Art Theft: The Most Interesting and Famous Cases in History



Art theft is an ancient and complicated criminal offense. When you take a look at the a few of the most famous cases of art thefts in history, you see thoroughly prepared operations that include art dealerships, art fakers, mobsters, ransoms, and millions of dollars. Here you can check out some of the most popular cases of art theft in the history.

The First Theft:
The very first documented case of art theft was in 1473, when 2 panels of altarpiece of the Last Judgment by the Dutch painter Hans Memling were stolen. While the triptych was being carried by ship from the Netherlands to Florence, the ship was attacked by pirates who took it to the Gdansk cathedral in Poland. Nowadays, the piece is revealed at the National Museum in Gdansk where it was recently moved from the Basilica of the Assumption.

One Of The Most Famous Theft:
The most popular story of art theft includes among the most famous paintings in the world and among the most famous artists in history as a suspect. In the night of August 21, 1911, the Mona Lisa was taken out of the Louver. Quickly after, Pablo Picasso was apprehended and questioned by the authorities, however was launched rapidly.

It turned out that the 30 × 21 inch painting was taken by one of the museum employees by the name of Vincenzo Peruggia, who merely brought it hidden under his coat. The criminal offense was carefully conducted by a notorious con man, Eduardo de Valfierno, who was sent by an art faker who intended to make copies and offer them as if they were the initial painting.

While Yves Chaudron, the art faker, was hectic producing copies for the well-known masterpiece, Mona Lisa was still hidden at Peruggias home. After 2 years where Peruggia did not speak with Chaudron, he aimed to make the best from his taken good. Eventually, Peruggia was caught by the authorities while aiming to sell the painting to an art dealership from Florence, Italy. The Mona Lisa was returned to the Louver in 1913.

The Biggest Theft in the U.S.A:
The biggest art theft in United States took location at the Isabella Stewart Gardner Museum. On the night of March 18, 1990, a group of burglars using cops uniforms broke into the museum and took thirteen paintings whose collective worth was estimated at around 300 million dollars. The burglars took two paintings and one print by Rembrandt, and works of Vermeer, Manet, Degas, Govaert Flinck, in addition to a French and a Chinese artifact.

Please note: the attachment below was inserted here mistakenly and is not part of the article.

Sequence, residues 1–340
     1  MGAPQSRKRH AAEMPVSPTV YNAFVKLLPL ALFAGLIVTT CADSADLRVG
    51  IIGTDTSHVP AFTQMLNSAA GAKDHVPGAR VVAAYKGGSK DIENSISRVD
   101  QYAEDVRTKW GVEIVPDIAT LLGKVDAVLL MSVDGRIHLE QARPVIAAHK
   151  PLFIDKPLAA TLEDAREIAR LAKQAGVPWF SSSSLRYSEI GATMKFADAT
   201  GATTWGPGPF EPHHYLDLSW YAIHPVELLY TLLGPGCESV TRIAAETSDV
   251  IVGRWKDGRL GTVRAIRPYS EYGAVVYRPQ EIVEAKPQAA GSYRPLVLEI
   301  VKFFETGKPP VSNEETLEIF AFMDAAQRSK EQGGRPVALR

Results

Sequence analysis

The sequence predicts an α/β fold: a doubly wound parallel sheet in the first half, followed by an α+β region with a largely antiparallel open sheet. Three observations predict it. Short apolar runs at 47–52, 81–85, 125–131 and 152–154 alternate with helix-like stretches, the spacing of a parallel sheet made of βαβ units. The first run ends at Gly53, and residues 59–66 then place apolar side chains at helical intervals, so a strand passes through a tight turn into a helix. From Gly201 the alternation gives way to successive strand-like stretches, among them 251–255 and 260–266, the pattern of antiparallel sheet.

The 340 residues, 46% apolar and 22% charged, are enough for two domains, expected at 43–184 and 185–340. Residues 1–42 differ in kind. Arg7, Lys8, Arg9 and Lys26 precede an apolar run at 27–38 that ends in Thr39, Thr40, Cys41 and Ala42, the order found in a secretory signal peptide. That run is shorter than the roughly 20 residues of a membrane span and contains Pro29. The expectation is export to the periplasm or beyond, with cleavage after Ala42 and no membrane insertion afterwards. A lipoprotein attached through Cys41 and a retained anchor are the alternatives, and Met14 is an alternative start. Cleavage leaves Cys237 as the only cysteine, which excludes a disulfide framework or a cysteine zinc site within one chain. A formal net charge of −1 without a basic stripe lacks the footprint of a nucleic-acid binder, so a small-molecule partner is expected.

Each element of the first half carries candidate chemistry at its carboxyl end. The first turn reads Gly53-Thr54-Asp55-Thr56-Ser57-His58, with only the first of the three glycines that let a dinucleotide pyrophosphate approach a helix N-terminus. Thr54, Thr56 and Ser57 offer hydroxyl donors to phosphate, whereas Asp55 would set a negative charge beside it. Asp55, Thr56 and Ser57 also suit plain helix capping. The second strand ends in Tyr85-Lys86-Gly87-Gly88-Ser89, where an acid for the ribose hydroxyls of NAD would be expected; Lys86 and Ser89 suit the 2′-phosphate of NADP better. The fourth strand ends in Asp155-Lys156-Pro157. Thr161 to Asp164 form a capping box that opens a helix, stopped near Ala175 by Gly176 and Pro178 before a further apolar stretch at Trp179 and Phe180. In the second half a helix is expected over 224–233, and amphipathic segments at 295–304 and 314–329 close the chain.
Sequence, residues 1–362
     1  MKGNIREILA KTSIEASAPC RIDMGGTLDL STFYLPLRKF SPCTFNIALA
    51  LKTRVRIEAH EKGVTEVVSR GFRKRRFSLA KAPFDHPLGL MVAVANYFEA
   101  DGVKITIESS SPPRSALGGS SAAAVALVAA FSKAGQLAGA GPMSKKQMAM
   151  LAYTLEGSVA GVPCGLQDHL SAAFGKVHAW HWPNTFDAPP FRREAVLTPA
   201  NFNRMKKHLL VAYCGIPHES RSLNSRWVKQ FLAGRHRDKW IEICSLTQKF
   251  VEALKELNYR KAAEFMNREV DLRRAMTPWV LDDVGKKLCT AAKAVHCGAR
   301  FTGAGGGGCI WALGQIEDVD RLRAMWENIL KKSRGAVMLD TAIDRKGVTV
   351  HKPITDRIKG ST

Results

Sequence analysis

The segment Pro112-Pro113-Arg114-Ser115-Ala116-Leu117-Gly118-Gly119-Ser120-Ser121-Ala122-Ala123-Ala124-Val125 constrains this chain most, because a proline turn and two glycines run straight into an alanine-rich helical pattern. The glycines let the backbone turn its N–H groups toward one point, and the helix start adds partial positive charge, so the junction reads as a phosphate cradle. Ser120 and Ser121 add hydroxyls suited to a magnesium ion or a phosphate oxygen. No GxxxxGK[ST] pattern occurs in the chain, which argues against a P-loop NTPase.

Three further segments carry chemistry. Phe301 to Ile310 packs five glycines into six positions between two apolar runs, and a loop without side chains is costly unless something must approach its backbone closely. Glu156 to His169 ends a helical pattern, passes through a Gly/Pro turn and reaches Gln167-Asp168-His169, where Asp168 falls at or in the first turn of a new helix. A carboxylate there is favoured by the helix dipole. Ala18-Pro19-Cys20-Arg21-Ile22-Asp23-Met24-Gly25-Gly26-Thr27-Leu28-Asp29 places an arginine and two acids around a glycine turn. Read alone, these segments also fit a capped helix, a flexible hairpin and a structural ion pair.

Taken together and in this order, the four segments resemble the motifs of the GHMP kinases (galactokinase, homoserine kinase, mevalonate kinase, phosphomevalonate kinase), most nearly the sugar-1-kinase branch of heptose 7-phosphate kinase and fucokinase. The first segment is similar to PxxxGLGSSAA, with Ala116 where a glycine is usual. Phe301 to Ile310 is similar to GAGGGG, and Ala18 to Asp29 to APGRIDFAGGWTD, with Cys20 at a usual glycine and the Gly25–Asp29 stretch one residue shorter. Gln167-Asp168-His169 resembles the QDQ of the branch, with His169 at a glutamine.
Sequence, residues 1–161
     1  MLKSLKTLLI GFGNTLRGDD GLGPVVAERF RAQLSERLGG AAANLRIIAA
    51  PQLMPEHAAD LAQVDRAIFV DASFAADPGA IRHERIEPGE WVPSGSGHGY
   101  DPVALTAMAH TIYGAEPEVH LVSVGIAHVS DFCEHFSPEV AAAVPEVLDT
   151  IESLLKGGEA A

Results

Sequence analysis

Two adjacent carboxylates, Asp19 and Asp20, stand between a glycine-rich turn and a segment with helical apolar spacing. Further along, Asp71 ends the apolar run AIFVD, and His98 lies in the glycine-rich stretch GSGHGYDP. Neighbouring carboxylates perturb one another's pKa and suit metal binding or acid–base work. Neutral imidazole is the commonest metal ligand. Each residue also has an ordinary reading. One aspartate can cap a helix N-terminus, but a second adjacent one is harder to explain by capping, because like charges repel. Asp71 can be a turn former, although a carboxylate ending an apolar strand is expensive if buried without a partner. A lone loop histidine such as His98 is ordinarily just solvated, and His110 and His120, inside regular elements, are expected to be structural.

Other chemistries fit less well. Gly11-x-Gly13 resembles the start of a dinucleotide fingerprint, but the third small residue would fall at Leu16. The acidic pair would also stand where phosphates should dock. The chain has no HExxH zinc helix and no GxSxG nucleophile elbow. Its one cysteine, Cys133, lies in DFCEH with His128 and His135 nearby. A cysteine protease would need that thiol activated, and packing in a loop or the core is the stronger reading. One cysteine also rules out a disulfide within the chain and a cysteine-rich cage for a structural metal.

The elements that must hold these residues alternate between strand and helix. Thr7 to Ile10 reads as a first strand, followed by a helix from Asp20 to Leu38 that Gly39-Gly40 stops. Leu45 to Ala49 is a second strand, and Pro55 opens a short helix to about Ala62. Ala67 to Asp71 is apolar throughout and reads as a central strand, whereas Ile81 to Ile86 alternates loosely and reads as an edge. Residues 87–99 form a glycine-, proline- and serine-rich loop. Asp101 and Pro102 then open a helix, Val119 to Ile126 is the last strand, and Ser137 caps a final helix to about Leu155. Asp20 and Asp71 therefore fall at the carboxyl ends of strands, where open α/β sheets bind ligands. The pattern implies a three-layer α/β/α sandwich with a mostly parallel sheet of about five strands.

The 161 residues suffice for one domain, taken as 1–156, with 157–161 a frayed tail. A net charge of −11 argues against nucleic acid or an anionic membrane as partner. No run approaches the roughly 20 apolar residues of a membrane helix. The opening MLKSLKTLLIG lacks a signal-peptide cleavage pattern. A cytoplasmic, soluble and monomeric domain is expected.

As of yet, none of the paintings have been found and the case is still unsolved. According to recent rumors, the FBI are examining the possibility that the Boston Mob together with French art dealers are linked to the crime.

The Scream:
The painting by Edvard Munchs, The Scream, is most likely the most demanded painting by art thieves in history. It has been taken two times and was only recently recovered. In 1994, throughout the Winter Season Olympics in Lillehammer, Norway, The Scream was taken from an Oslo gallery by two thieves who broke through an open window, triggered the alarm and left a note stating: thanks for the bad security.

3 months later on, the holders of the painting approached the Norwegian Federal government with an offer: 1 million dollars ransom for Edvard Munchs The Scream. The Federal government turned down the deal, however the Norwegian cops worked together with the British Cops and the Getty Museum to arrange a sting operation that brought back the painting to where it belongs.

While Museum authorities waiting for the burglars to request ransom money, reports declared that both paintings were burned to conceal evidence. Ultimately, the Norwegian cops found the two paintings on August 31, 2006 however the truths on how they were recovered are not understood.


When you look at the some of the most popular cases of art thefts in history, you see thoroughly planned operations that include art dealers, art fakers, mobsters, ransoms, and millions of dollars. The most well-known story of art theft involves one of the most well-known paintings in the world and one of the most famous artists in history as a suspect. The criminal offense was carefully carried out by a well-known con guy, Eduardo de Valfierno, who was sent by an art faker who planned to make copies and offer them as if they were the original painting.

Ultimately, Peruggia https://www.whitepages.com/name/Kurt-Criter/Denver-CO was captured by the police while trying to offer the painting to an art dealership from Florence, Italy. The painting by Edvard Munchs, The Scream, is probably the most looked for after painting by art thieves in history.

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